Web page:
Typically, a program will have you submit 3-4 letters of recommendation. A common approach is to obtain at least one letter from an attending with whom you worked clinically for an extended period of time, commonly on a sub-internship or away rotation. Another letter is then typically obtained from someone you worked with in extracurricular activities, such as your research mentor or a volunteer supervisor with whom you have worked longitudinally. If you do not yet have someone you feel would be appropriate to write your letter, begin to seek clinical or academic opportunities where you can obtain one.



Select a Preliminary List of Residency Programs


While there are many lists of residency programs out there, determining the best place for you should be a tailored and reflective process. Your faculty or subspecialty advisors will typically assist you in determining how many programs to apply to. They may also have some insight into which programs would suit you best. There are also several online tools to research programs in your specialty including the AAMC Residency Explorer and Doximity Residency Navigator.


While students frequently gravitate to the highest-rated programs, be disciplined in your approach to selecting your list of programs. This is not just a training program. It is your first job as a physician. During your residency, you will live and work in a collaborative environment for many years. It is helpful to make a list and write down the key components you want to get out of your training. A few example points to keep in mind are:


  • Are you more interested in a research career, or do you want to work in a community hospital?
  • Do you have only a certain region where you can live, or are you able to apply broadly?
  • What areas are reasonable from a cost-of-living perspective?
  • Is it important you have parental leave or other specific benefits available?


Approaching this process with an open mind will ensure you select the optimal places to apply and interview. Keep in mind if you are going into a competitive specialty, you may need to apply to most or all of the residency programs available.



Start Your Personal Statement


While the ERAS personal statement carries relatively less weight than your grades on your clinical rotations and letters of recommendation, it is still an important part of your application! It is a unique opportunity to provide the program with information on what makes you a standout applicant. We recommend that you start your personal statement no later than the spring of your third year of medical school. When writing, it is best to focus on information and experiences not otherwise covered in the remainder of your application. If you have specific geographic preferences, this is an opportunity to point out why. It is recommended that you send this to your subspecialty or other trusted advisor for review and recommendations to ensure it is as strong as possible.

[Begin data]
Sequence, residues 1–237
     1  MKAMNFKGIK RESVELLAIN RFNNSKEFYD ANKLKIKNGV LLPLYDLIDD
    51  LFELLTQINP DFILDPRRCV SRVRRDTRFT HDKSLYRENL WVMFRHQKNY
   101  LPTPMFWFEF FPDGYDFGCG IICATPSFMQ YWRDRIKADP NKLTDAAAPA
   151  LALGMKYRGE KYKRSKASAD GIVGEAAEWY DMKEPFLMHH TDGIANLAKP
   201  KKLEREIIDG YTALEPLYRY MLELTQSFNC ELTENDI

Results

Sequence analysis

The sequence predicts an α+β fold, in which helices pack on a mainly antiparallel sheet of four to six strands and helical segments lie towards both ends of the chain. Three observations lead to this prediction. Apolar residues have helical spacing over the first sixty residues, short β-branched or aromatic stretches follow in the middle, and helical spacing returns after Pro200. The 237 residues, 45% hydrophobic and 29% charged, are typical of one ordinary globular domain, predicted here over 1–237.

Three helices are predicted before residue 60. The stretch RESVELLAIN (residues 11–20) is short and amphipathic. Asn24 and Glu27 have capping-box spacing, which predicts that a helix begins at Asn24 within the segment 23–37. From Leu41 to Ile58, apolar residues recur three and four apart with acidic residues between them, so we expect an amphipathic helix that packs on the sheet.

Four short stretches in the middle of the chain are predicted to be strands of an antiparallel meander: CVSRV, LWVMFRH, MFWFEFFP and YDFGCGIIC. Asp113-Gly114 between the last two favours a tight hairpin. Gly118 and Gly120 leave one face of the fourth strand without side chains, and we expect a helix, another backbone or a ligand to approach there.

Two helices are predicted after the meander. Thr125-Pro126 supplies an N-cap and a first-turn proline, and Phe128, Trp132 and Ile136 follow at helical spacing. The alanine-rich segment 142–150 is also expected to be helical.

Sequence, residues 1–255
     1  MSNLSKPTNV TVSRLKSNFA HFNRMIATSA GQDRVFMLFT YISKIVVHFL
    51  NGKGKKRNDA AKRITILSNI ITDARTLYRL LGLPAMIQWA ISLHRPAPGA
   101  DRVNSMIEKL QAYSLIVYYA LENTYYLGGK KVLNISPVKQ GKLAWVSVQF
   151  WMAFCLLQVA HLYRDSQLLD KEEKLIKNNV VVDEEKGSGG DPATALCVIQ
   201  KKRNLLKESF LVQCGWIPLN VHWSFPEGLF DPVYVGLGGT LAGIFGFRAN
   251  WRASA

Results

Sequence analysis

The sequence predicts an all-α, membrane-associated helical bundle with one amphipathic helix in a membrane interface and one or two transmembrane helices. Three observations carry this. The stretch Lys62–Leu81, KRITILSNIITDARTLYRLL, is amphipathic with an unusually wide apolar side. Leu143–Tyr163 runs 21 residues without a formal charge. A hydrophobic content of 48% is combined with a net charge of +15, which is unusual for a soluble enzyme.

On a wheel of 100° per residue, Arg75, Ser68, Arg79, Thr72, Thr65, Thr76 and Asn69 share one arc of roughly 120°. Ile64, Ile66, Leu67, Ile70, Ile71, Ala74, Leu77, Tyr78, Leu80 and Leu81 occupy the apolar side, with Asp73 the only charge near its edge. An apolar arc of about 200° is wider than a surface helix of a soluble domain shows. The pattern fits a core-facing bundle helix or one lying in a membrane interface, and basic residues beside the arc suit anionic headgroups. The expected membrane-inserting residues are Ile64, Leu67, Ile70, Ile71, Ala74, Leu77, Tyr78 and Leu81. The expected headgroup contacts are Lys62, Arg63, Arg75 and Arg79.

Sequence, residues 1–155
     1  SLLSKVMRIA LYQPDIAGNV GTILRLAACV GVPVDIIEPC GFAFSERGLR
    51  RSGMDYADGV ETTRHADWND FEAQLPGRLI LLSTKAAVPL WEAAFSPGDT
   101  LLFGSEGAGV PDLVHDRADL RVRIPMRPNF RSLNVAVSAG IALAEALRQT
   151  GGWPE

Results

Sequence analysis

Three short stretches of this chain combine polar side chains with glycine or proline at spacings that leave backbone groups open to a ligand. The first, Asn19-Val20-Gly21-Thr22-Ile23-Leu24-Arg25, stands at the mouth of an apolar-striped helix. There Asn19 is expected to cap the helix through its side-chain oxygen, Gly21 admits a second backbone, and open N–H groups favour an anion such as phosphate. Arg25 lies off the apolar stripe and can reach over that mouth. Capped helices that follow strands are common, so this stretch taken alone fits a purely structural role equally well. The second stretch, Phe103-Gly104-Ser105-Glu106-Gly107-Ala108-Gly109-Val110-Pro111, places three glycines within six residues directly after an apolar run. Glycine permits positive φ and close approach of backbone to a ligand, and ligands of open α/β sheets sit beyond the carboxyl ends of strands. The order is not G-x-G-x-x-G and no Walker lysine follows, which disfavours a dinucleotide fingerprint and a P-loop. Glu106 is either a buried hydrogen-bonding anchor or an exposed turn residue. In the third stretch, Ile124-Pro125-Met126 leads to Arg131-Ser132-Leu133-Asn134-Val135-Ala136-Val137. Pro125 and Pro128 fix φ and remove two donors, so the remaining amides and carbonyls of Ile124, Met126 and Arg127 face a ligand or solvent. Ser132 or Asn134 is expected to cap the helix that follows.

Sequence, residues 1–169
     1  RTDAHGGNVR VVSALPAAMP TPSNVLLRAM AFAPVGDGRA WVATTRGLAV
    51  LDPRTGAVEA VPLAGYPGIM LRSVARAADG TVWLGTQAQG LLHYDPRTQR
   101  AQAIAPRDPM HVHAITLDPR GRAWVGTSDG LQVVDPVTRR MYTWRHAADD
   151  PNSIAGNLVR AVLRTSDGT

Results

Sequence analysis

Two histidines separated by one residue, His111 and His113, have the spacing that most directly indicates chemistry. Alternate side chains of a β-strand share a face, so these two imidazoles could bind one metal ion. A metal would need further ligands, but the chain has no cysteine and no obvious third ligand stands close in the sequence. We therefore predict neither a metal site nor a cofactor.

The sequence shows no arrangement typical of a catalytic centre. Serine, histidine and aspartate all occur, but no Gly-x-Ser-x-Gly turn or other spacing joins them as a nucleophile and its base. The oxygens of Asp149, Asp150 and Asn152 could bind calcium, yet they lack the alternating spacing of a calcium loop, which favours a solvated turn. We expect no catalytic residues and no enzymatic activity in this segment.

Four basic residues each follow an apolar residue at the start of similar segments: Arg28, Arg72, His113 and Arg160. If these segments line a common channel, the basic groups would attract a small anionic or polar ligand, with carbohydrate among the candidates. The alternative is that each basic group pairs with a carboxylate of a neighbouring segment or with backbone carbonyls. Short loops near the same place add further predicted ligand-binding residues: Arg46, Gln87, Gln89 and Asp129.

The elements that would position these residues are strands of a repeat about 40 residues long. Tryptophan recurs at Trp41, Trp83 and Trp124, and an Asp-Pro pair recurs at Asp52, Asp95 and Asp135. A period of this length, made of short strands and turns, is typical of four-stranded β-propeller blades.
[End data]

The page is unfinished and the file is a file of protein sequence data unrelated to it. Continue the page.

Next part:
Fill Out Eras Early and Submit Your Application as Soon as Possible


The ERAS application is essentially a digitized form of your curriculum vitae. This is where you can upload your clinical rotation grades and comments, Step 1 and 2 scores, professional headshot, and letters of recommendation. There is also an area in ERAS to designate AOA or GHHS status. ERAS generally opens in early August. You can submit your application around the first week of September (see the AAMC official timeline).


If possible, it is extremely important to submit your application as soon as you are able. Many programs offer interviews on a rolling basis. For these, the earlier your application is seen the more likely you are to get an interview offer. Before you submit, make sure to review your application several times for errors. An easy way to do this is by printing the application out and reading it). It’s a good idea to get a second pair of eyes on this part of the process as well. Don’t be afraid to ask for help from a residency advisor on this!



Schedule and Complete Your Residency Interviews


Once you submit your application, you will likely begin to receive residency interviews. In some cases, these are released on scheduled dates, and in other cases, they are released on a rolling basis. As soon as you get an interview, it is recommended that you schedule it immediately. Often preferred time slots will close rapidly, precluding you from interviewing in a certain location. We recommend setting up text or email alerts to ensure that you are immediately notified of an interview offer. If you know you will be unavailable for an extended period of time (traveling or taking an exam), consider giving someone you trust your email information and calendar so they can schedule the interviews for you.


Pay close attention to the location of the interview, specifically if it is in person or virtual. Do your best to bundle in-person interviews in similar locations together. For each program, take some time to review their curriculum and come up with one to two questions to ask the program director to show you have done your research. If you know trainees at these programs, reach out early and learn what to expect from interview day. Make sure to take notes on the programs as you interview. This way, you are able to compare them come time to make your rank list. Interviews typically run over several months, commonly from November to January though this varies by specialty.


To prepare for your interviews, we recommend that you consider some of the commonly asked questions ahead of time. It’s also a great idea to get some practice in! You can practice answering common questions in front of a mirror, and schedule at least two mock interviews with a residency advisor.



Submit Your Residency Program Rank List


Once you have completed your interviews, it is time to submit your rank list. Remember that the algorithm runs in your favor, so be sure to rank the programs in the order in which you would like to match. Listing all the programs you have interviewed can increase your chances of matching. When making this list, it is important to talk to trainees at the programs and the program director to get a thorough understanding of the area you are committing to for the next few years. Pay attention to the deadline, which is typically in later February or early March. Be sure to submit it on time, and then relax! At this point, it is truly out of your hands. The results will come in the third week of March on match day.


For more help reviewing your ERAS application, CV and personal statement editing, mock interviews, and more, consider enlisting the help of an Elite Medical Prep residency advisor! Schedule a complimentary consultation today to hear more about what we can do to help you succeed!